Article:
4. In addition. 4. they can serve as seasonally convertible habitable spaces. Other passive building strategies can also work well with these types of facades such as night cooling and solar shading. Buffer spaces create another insulation layer in front of the envelope. Buffer spaces can also provide additional rain screen protection for the building envelope resulting in longer life and fewer moisture problems for the external wall assembly.Passive Design Guide Best Practices Buffer spaces may add FSR if exceeds zoning bylaw percentage. Figure 17: Example of double facade as buffer space (summer performance) Page 26 . Buffer spaces in south facing double ventilated facades can be used to aid natural ventilation for example. because they could potentially eliminate the need for mechanical cooling and dramatically reduce the amount of time the mechanical heating system operates.4 Synergies Many synergies are possible with buffer spaces such as double ventilated facades.5.5 Vancouver Applications Vancouver’s temperate climate makes buffer spaces an excellent design option.5.

1 Overview Windows (glazing) are necessary envelope elements in any building as they provide access to views and daylight and can be used for natural ventilation. cooling. aesthetics and daylighting often conflict. Annual building simulations can help to identify Window assemblies are the weakest thermal links in a building’s insulated envelope. In general. CASE STUDY Turn to page 106 to learn how the White Rock Operations Centre uses different window to wall area ratios on different facades.. an energy efficient design uses window materials.Passive Design Guide Best Practices Figure 18: Example of double facade as buffer space (winter performance) 4. sizes and framing design that balance aesthetics and overall energy performance.6. With respect to windows. windows affect a building’s thermal state by transmitting solar radiation directly into the conditioned space. and the window design approach has a significant impact on occupant thermal comfort and building energy consumption. However. the greenhouse effect). This heat gain is beneficial during winter and undesirable during summer when it can overheat the space. window assemblies are the weakest thermal links in a building’s insulated envelope. Page 27 . where it stays trapped inside and heats the interior surfaces (i.6 Windows 4. the design requirements of heating.e.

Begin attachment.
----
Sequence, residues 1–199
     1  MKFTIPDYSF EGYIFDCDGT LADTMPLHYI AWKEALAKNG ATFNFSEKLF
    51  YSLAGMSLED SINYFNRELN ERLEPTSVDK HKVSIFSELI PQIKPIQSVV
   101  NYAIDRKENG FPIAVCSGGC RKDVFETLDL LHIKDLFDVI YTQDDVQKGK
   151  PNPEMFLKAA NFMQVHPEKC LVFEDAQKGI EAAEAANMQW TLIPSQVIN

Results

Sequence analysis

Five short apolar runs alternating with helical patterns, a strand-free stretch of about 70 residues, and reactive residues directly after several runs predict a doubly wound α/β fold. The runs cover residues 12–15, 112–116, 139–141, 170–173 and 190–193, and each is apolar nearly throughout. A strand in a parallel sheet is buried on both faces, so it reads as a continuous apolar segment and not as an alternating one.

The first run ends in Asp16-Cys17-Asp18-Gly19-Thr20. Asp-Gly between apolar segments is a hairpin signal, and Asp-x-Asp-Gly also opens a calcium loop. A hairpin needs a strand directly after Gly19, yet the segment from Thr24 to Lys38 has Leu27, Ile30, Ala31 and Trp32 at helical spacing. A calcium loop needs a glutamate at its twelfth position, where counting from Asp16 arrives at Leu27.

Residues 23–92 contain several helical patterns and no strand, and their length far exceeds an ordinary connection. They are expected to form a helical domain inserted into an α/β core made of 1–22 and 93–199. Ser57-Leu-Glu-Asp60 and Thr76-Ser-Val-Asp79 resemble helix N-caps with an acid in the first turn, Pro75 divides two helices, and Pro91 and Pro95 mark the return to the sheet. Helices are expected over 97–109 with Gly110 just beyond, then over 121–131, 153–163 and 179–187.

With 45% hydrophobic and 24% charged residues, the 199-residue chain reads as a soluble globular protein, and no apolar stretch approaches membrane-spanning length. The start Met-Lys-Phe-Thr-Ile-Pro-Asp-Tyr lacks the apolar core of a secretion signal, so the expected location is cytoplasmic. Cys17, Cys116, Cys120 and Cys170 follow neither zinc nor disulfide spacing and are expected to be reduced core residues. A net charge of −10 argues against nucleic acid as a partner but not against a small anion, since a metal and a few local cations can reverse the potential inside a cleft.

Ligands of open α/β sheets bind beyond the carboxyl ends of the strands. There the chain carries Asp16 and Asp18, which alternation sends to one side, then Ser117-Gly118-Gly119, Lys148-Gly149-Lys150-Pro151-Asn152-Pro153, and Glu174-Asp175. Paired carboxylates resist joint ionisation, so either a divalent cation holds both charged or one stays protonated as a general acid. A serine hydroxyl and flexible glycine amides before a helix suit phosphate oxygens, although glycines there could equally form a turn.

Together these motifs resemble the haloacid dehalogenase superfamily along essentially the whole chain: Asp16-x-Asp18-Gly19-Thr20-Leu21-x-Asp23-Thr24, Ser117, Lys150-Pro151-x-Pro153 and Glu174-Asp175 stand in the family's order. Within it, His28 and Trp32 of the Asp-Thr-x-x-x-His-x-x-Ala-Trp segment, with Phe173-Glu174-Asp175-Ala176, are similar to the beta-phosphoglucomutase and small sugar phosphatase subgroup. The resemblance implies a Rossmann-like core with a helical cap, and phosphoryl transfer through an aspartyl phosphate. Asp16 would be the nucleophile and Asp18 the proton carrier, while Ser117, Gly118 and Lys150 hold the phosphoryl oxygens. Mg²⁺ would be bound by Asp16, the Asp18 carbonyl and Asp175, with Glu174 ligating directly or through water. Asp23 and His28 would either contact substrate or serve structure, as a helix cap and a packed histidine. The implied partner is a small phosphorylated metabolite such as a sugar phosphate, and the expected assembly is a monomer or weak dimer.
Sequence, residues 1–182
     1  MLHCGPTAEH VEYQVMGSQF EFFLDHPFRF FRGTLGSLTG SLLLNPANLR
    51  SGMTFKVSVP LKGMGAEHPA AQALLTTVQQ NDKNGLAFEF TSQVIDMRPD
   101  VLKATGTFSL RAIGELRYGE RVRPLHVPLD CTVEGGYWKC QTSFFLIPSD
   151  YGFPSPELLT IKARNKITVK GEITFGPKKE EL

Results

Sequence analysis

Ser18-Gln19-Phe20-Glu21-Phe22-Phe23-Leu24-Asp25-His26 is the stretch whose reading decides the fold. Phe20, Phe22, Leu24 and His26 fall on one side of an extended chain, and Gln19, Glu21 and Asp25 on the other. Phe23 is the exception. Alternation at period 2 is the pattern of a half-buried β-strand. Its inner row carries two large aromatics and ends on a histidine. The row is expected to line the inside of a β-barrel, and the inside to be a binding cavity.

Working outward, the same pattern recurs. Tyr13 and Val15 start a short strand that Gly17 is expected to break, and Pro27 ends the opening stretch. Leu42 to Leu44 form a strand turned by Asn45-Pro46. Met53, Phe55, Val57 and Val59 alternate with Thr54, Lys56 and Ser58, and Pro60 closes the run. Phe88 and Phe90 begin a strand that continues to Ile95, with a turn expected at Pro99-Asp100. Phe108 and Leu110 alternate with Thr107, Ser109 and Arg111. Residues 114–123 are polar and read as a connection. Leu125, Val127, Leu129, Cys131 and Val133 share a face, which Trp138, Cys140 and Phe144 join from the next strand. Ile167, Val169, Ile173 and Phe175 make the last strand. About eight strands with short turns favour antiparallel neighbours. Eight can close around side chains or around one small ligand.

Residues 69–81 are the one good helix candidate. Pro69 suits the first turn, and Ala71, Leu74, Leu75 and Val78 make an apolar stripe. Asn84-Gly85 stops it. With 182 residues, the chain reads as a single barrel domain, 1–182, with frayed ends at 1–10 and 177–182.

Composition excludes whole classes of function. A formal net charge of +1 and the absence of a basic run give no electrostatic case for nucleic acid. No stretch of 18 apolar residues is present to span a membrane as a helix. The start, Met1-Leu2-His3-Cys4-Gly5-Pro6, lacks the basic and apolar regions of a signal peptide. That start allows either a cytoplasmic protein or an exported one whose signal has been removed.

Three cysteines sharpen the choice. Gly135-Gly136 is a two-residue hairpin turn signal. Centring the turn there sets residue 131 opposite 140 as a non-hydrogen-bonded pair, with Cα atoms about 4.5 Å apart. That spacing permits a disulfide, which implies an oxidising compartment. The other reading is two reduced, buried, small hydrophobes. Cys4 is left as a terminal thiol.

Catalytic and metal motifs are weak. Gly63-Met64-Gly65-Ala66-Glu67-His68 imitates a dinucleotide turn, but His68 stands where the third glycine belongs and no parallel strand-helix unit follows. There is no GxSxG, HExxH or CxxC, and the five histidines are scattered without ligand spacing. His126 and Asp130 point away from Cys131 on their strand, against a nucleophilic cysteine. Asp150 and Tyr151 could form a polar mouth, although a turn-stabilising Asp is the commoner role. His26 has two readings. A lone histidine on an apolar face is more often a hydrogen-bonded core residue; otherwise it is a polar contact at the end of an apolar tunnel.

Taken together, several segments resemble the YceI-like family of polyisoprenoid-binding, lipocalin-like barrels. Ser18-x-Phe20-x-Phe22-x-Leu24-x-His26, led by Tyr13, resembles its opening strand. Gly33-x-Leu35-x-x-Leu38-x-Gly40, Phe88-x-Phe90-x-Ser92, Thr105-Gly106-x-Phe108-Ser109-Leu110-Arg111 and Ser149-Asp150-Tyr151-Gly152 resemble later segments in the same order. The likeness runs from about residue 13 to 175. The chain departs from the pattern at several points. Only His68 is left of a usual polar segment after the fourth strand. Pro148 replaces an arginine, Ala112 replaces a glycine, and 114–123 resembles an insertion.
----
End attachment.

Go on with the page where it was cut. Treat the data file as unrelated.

On east. The minimum amount of framing structurally required is directly proportional to the area of windows. as well as the window interior surface temperature. Frames hold the glass panes and link them with the wall. The thermal photo in Figure 20 demonstrates the effect of thermal bridging in window framing. Even the best performing glass insulates poorly when compared to an insulated wall. Frames can be made of less conductive materials. the net annual effect Page 28 of any window to wall area ratio greater than 10% is still a thermal energy loss. sometimes resulting in more framing than is necessary. The U-value affects the amount of heat that is transferred between the interior and exterior. The thermal characteristics are the insulation or U-value. in the Vancouver climate. which is beneficial during winter and undesirable during summer. even with a thermal break. The number of panes of glass and the gas or vacuum void between them defines the amount of insulation provided by the windows. greater window areas will admit more solar gain during winter. creating thermal bridges between the interior conditioned space and the outdoors. Figure 19: Thermal Break thermal break created by insulation “Thermally broken” frames have an insulating spacer to slow the rate of heat transfer through the frame. Glass that insulates better traps more heat in the building and keeps a higher internal surface temperature. frame material and design always limits the thermal performance of the overall window assembly. south. framing design is also guided by the envelope aesthetic. “Thermally broken” frames have an insulating spacer to slow the rate of heat transfer through the frame. however they cannot substitute for proper understanding of how window characteristics affect the building.Passive Design Guide Best Practices this optimal combination. further speeding heat loss through the window assembly. However. the framing type. referred to as U-value. However. such as wood and vinyl. and west exposures. The effects of thermal bridging should be minimized by reducing the amount of framing wherever possible. The overall window to wall area ratio is the window characteristic with the most significant impact on building energy consumption. . and the amount of framing. overall area of windows. Window design characteristics fall into two categories: thermal and optical. even with the higher level of solar gains (see simulation results in Appendix E). in addition to the minimal structural requirements. They are usually made of highly conductive metal.